Transgender teen on why ‘deadnaming’ Elliot Page is harmful
Teen says trans role models can be life-changing for kids
As a young, queer person growing up in Halifax, 18-year-old Hanley Smith always knew who Canadian actor Elliot Page was.
Especially because they come from the exact same neighbourhood.
“I’ve always been super aware of who they were and what they were doing,” Hanley told CBC Kids News. “An adult, queer person [is] a magical thing to see as a young, queer person.”
Now, they have something else in common.
Earlier this week, Oscar-nominated actor Elliot Page — best known for films such as Juno and Inception, as well as the Netflix series Umbrella Academy — shared that he is transgender.
”I love that I am trans,” Page said in an Instagram post. “And I love that I am queer. And the more I hold myself close and fully embrace who I am, the more I dream, the more my heart grows and the more I thrive.”
Page also thanked other people in the trans community for inspiring him and said his pronouns are he/they.
Page received a ton of support from others on social media, including Netflix and Canadian queer musicians Tegan and Sara.
What is ‘deadnaming’ and why is it harmful?
Page’s announcement has sparked a conversation around “deadnaming,” which refers to using a trans person's former name.
You may have noticed that CBC, along with other news platforms, has made a conscious decision not to use Page’s former name in their coverage.
This is partly because trans people say that using their former name can be harmful.
Hanley, who is transgender and non-binary, said that hearing their deadname makes it hard to move on from their past.
Hanley Smith (they/them) is transgender and non-binary. They are a board member of the Youth Project, a Nova-Scotia-based, non-profit for queer youth. (Image submitted by Hanley Smith)
“Any time I hear my deadname, it strikes this feeling in me that, oh yeah, other people will never see me as the person I see myself as, and that’s really hard,” said Hanley.
They said the same applies to Page.
“It hasn’t clicked for people that, no, Page was never that person, that was just the title they were given before they could find himself.”
Nancy Waugh, managing editor for CBC Nova Scotia, said that CBC’s choice to avoid using Elliot’s deadname is both a matter of respect for Page and journalistic accuracy.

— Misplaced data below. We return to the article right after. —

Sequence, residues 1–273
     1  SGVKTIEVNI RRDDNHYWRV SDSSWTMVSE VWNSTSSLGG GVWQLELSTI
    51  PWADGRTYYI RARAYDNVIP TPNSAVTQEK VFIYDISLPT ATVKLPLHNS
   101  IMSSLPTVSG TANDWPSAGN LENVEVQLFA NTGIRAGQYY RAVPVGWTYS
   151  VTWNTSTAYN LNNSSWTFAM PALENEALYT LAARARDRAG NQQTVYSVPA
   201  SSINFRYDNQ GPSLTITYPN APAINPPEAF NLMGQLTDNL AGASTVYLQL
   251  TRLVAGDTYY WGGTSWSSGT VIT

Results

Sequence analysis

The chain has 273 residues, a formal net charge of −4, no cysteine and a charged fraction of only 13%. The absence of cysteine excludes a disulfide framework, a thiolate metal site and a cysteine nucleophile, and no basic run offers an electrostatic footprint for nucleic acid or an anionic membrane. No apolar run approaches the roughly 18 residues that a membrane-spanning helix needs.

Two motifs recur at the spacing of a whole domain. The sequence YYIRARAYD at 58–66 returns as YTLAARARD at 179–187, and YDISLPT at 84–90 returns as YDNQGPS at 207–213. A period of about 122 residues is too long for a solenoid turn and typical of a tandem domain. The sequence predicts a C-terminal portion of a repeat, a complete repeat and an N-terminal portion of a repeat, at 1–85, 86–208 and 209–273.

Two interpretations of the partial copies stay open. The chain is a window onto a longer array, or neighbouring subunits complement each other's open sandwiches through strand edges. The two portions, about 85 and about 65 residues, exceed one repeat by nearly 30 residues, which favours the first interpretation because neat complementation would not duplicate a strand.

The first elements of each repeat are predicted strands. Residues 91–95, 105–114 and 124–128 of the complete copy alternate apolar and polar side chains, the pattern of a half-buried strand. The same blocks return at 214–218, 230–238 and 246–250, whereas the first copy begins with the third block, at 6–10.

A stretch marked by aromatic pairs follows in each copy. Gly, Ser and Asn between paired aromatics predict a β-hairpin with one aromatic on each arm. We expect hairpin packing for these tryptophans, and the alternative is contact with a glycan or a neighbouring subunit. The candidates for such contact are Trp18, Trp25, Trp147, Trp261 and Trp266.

“In our journalistic standards and practices, we talk about our commitment to accuracy, fairness, balance,” she said. “Elliot Page is stating this is the name that he wants to be known by, so this is a work of accuracy.”
How Elliot Page’s announcement affects trans kids
Hanley said that for young kids struggling with their gender identity, seeing someone like Page can be life-changing.
“When you’re young and hear of a queer or gender queer person, it genuinely changes your life, because it says there’s something outside the lines of what you were taught,” they said.
Hanley, who uses they/them pronouns, identifies as both transgender and non-binary, meaning they don’t view their gender as purely male or female.
Non-binary people may view themselves as a mixture of the two, neither, or may even view themselves within a third gender that they define themselves.
Hanley said the fact that Page came out as having both he and they pronouns was “beautiful” and powerful,” because it also gives visibility to the idea of being non-binary.
Concerns about hate online
But Hanley said Page’s announcement is “a mix of pride and concern,” because they know how much hate trans people get online and Hanley said the hate is “already happening.”
Hanley said that’s what makes Page especially brave.
“They put not only their identity and personhood on the line, but their job, their security and their chances of getting new roles,” Hanley said.
With files from CBC News